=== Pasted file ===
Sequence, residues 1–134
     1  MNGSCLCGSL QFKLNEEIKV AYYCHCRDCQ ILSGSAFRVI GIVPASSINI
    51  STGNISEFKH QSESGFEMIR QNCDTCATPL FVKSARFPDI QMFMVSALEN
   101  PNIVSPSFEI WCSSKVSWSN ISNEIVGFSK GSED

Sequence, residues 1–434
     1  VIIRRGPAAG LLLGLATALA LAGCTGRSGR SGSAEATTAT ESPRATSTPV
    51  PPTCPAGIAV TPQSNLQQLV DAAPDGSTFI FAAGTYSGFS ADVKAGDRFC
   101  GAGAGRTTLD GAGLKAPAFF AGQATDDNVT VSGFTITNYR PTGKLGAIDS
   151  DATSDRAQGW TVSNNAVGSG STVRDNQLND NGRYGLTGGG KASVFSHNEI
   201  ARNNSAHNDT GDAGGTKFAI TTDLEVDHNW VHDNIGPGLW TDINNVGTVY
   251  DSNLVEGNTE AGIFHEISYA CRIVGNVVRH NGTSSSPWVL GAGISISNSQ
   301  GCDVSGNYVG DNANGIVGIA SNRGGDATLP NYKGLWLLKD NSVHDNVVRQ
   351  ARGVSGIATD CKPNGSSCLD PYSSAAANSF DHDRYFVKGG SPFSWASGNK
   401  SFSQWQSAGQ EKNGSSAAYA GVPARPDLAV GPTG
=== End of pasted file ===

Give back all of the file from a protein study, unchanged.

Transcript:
Sequence, residues 1–134
     1  MNGSCLCGSL QFKLNEEIKV AYYCHCRDCQ ILSGSAFRVI GIVPASSINI
    51  STGNISEFKH QSESGFEMIR QNCDTCATPL FVKSARFPDI QMFMVSALEN
   101  PNIVSPSFEI WCSSKVSWSN ISNEIVGFSK GSED

Sequence, residues 1–434
     1  VIIRRGPAAG LLLGLATALA LAGCTGRSGR SGSAEATTAT ESPRATSTPV
    51  PPTCPAGIAV TPQSNLQQLV DAAPDGSTFI FAAGTYSGFS ADVKAGDRFC
   101  GAGAGRTTLD GAGLKAPAFF AGQATDDNVT VSGFTITNYR PTGKLGAIDS
   151  DATSDRAQGW TVSNNAVGSG STVRDNQLND NGRYGLTGGG KASVFSHNEI
   201  ARNNSAHNDT GDAGGTKFAI TTDLEVDHNW VHDNIGPGLW TDINNVGTVY
   251  DSNLVEGNTE AGIFHEISYA CRIVGNVVRH NGTSSSPWVL GAGISISNSQ
   301  GCDVSGNYVG DNANGIVGIA SNRGGDATLP NYKGLWLLKD NSVHDNVVRQ
   351  ARGVSGIATD CKPNGSSCLD PYSSAAANSF DHDRYFVKGG SPFSWASGNK
   401  SFSQWQSAGQ EKNGSSAAYA GVPARPDLAV GPTG